How to Avoid Getting Sick This Summer

How to Avoid Getting Sick This Summer

This article is republished from The Conversation under a Creative Commons license.

As flowers bloom and temperatures climb, many are eager to get back outside. But while the sun may be shining, there is a dark side that can make the great outdoors not so great.

Gangs of germs are lurking in the woods, in the soil, in the water, and in your food, ready to rain on your summer parade.

I’m a professor of microbiology at the Indiana University School of Medicine, where I study and teach about infectious disease. Here are some things to keep in mind to help you and your loved ones stay free of illness while enjoying summer activities.

Germs in the Backyard

There’s nothing like the smell of a good barbecue and fresh goodies from your own garden. To make sure people leave your party with only good memories, be aware of germs commonly linked to food poisoning, which can result in diarrhea, cramps, nausea, vomiting, and fever.

Meats, including fish and poultry, often house harmful bacteria such as Salmonella, E. coli, or Listeria. Raw meat can contaminate anything it touches, so be sure to wash your hands and disinfect surfaces and utensils. To avoid cross contamination, do not keep uncooked meat near prepared foods. Meat products must be cooked to proper temperatures to ensure harmful germs are destroyed before consuming.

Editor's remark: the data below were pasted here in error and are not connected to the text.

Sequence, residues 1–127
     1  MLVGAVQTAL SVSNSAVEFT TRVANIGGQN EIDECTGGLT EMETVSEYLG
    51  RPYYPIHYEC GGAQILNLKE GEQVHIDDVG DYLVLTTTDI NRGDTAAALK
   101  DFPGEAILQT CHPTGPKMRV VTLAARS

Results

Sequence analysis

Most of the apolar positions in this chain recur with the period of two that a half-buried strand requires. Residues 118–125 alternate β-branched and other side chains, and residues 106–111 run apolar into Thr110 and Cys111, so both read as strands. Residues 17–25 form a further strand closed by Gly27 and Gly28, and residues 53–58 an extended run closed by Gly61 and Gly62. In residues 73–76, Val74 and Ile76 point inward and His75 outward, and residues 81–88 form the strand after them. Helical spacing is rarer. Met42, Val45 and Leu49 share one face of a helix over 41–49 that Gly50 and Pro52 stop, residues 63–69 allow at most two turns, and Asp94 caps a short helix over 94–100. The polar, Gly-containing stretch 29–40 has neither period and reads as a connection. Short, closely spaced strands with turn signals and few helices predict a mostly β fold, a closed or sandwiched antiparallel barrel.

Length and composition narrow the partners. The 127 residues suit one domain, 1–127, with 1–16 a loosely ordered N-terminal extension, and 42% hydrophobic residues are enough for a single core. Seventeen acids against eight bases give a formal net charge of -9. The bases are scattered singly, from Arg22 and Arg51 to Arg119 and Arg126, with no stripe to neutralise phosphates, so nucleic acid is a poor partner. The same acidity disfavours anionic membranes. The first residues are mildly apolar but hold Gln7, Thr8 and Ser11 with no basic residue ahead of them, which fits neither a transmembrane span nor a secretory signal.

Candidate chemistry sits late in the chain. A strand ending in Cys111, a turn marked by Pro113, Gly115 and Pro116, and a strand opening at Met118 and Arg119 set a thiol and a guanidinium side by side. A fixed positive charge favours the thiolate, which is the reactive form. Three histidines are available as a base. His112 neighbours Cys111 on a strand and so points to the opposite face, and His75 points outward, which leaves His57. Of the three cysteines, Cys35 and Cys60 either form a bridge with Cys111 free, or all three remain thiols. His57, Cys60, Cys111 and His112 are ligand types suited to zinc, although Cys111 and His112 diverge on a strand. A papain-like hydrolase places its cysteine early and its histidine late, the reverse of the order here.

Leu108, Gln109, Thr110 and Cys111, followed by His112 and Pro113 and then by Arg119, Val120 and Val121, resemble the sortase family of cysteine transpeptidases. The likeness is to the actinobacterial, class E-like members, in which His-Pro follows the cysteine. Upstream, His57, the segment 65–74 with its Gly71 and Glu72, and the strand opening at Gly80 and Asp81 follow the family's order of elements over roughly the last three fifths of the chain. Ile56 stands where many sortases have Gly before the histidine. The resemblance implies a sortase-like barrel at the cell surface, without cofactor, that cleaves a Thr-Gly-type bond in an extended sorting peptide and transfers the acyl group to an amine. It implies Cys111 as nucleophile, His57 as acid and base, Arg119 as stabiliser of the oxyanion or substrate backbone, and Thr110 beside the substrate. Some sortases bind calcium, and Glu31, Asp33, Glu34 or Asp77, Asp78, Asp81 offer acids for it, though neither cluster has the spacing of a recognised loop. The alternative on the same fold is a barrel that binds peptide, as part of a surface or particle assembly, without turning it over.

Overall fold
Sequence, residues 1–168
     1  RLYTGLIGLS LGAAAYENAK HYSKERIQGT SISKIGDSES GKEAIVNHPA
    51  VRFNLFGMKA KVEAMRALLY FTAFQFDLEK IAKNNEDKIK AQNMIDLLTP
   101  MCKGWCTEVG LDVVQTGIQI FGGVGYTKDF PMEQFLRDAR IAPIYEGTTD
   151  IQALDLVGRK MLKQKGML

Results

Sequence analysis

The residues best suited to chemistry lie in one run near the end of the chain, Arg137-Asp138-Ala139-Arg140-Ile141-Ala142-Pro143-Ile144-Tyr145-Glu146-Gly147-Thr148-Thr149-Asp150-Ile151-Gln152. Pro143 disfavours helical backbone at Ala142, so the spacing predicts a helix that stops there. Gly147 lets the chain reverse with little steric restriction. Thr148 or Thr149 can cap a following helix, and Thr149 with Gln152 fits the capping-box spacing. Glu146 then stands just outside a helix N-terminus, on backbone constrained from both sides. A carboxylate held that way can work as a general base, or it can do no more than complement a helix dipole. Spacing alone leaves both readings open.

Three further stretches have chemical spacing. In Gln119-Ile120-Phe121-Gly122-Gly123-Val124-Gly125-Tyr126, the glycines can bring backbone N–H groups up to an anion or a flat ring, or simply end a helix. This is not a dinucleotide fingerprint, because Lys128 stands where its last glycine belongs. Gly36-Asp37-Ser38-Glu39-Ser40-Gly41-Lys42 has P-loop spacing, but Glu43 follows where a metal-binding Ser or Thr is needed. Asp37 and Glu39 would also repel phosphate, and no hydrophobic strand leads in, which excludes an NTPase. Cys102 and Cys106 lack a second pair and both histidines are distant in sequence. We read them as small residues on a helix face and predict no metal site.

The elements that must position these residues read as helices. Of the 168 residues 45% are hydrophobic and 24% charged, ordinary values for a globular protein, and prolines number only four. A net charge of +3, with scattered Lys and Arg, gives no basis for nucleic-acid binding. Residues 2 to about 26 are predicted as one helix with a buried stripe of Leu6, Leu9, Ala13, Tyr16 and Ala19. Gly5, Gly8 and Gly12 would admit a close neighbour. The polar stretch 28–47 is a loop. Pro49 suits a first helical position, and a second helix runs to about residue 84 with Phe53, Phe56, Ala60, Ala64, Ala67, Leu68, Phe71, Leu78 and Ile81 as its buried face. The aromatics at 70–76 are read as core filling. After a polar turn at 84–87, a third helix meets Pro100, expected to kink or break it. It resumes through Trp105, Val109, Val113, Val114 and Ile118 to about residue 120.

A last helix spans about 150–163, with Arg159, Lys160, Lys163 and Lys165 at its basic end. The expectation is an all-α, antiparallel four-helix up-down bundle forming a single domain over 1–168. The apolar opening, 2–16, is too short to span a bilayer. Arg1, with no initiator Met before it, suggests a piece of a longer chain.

Washing cooking utensils that touch raw meat can reduce cross contamination.

Photograph: Catherine Falls Commercial/Moment via Getty Images

In addition to bacteria, a parasite called Toxoplasma gondii can cause acute food poisoning. Toxoplasma parasites are shed as microscopic oocysts in the feces of infected cats. Oocysts persist in the environment for a year or more, and other animals, including people, can inadvertently ingest them.

Upon infection, Toxoplasma forms tissue cysts in the flesh of food animals—another reason to cook your meats thoroughly. Pregnant people need to take special care in avoiding Toxoplasma, since the parasite can cross the placenta and cause miscarriage or birth defects.

To avoid getting toxoplasmosis from oocysts, people should wear gloves while gardening, wash fruits and vegetables, and make sure the sandbox is free of cat poop and covered when not in use.

Germs in the Water

Recreational water facilities such as pools, water parks, and fountains are a great way to beat the summer heat. The smell of chlorine is a good sign that the water is being treated to kill many types of germs.

Unfortunately, some germs can remain infectious in chlorine for several minutes or days, which is plenty of time to spread from one person to another. These include viruses such as norovirus, bacteria such as E. coli, and parasites such as Cryptosporidium and Giardia.

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